The book is organized into three parts. The first lays out the theory, the second describes where things began to go wonky (largely, through unanticipated consequences stemming from our attempts to control and/or thwart contagious diseases), and the third attempts to resolve that wonkiness with a series of recommendations on how to regain equilibrium between the mammalian and microbial parts of our bodies. The theory is well-thought out and well-presented. Dr. Dietert’s writing style is conversational without being overly simplistic. He manages a handy turn of phrase, and the book reads much the way the man himself speaks: with clarity, passion, and a taste for rhetoric that renders even the denser portions of the science and theory into accessible language. He populates both his book and his speeches with fun facts and interesting tidbits, rendering the science even more intriguing than it is on its own. Example: notice the cover art? That’s a quite famous photograph taken by microbiologist Tasha Sturm – of her eight year old son’s hand, after playing outside. It’s amazing enough to learn that; even more fun to learn was why this particular photo was chosen by Dr. Dietert for his book cover. It wasn’t just the gorgeous imagery of the microbial diversity found on the human body. It was also a fun, sly reference to one of the glyphs in the opening imagery for the television show Fringe – a creepily fascinating J.J. Abrams sci-fi series (2008-2013) about the world-within-the-world of “fringe” science. How can you not be instantly captivated by someone who artfully melds pop culture with high science? I certainly was…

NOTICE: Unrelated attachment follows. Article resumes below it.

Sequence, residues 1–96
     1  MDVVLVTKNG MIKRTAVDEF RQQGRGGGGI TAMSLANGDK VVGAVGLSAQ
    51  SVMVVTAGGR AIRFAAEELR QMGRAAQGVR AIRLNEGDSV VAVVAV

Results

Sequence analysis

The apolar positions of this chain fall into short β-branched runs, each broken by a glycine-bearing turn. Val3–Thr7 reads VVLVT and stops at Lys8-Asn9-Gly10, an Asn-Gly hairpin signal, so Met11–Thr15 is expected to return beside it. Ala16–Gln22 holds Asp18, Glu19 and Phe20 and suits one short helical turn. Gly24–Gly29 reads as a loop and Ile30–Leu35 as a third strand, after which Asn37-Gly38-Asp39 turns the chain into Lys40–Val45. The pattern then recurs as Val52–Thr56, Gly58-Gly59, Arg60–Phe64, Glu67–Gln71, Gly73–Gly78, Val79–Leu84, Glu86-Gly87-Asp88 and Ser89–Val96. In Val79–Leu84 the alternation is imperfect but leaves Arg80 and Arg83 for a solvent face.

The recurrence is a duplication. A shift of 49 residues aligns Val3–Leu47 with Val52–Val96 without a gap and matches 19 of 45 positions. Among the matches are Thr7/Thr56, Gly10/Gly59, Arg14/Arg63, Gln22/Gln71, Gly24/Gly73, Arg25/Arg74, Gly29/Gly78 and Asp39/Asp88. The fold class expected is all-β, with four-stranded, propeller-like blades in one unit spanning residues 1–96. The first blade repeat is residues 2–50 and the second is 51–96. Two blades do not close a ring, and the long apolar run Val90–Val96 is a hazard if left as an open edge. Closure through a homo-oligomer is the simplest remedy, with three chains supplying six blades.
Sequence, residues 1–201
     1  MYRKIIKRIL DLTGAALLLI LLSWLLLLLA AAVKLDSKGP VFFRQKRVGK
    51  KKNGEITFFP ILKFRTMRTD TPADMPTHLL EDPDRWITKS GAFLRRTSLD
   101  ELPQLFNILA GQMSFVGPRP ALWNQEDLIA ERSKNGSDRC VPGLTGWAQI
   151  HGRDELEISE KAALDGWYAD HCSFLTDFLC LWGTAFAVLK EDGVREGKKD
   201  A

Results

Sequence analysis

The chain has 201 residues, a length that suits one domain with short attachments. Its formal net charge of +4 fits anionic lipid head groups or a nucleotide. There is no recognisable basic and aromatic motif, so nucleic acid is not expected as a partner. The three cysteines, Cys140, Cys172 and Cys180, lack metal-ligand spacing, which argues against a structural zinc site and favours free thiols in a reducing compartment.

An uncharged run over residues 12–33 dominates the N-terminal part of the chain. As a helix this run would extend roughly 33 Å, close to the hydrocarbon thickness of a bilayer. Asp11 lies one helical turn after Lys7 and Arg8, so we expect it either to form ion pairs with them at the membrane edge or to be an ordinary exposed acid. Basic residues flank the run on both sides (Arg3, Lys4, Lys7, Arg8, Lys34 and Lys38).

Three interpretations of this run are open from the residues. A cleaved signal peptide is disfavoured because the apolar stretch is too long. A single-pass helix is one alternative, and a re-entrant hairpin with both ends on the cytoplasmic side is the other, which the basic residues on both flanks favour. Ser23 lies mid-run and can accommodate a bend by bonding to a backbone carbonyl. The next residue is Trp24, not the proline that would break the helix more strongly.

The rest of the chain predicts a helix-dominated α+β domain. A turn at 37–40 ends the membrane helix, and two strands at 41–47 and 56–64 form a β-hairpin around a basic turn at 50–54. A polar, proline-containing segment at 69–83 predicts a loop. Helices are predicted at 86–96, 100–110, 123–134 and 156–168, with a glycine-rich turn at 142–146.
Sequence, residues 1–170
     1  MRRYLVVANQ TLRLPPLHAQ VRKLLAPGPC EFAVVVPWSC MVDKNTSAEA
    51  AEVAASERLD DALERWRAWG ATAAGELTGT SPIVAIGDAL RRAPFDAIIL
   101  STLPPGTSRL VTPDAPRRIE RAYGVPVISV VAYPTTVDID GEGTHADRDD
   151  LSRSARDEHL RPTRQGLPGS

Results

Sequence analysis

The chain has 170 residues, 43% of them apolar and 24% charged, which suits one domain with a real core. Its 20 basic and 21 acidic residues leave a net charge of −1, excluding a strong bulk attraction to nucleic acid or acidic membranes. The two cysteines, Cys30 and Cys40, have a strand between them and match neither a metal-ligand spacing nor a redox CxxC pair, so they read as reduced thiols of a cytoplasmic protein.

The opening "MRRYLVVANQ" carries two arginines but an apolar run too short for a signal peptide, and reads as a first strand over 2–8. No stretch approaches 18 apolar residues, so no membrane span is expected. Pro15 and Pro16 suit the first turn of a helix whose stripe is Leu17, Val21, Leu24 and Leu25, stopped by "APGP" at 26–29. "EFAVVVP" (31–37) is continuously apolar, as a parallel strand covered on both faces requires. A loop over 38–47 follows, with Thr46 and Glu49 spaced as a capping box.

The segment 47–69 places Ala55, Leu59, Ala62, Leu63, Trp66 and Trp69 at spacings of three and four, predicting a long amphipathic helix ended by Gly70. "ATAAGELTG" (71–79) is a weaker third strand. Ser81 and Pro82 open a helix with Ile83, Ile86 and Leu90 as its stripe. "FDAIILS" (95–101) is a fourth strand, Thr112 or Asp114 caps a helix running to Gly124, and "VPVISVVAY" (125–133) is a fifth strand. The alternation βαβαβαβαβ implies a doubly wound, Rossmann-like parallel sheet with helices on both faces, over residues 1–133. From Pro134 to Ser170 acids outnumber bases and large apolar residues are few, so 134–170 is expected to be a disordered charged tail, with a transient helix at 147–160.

Dr. Dietert has been traveling about the country, speaking to and with audiences of government regulators, scientists, and regular citizens like you and me. It is easy to see how these have become sold out shows. The theory is clearly and carefully presented, his proposal self-described as expansive rather than threatening to the status quo. “We’re not meant to be a purified species, we’re meant to be whole.” Dr. Dietert is trying to encourage a paradigm shift in our approach to human health. The “miracle of antibiotics saved us…and also led us to…fear of anything that was microbial.” This fear is having adverse effects that were unanticipated and is contributing to the decimation of many of the bacteria and other microbes in our bodies. This, he postulates, combined with other contemporary factors (including increases in Caesarean births, urbanization, changes in food/diet, and misdirections regarding human safety), is behind the dramatic increase in noncommunicable diseases (think things like diabetes, asthma – those often designated as “chronic”). Essentially, he is arguing that we need to supplement our naturally-present microbes to allow the microbial ecosystem to replenish itself and make itself more hospitable. This will allow us to regain the equilibrium our bodies have lost and hopefully result in a healthier – and even happier – population.
There is a lot of food for thought here. Fortunately, it is presented in a readily palatable format. While I’m not sure that the proposals for change contained therein are going to be to everyone’s taste, the theory behind it all remains very interesting and thought-provoking, and is definitely worth a look. And if you need a teaser, check out a video of Dr. Dietert’s lecture, courtesy of the WGBH Forum Network. It will give you a great sense of the author and his book.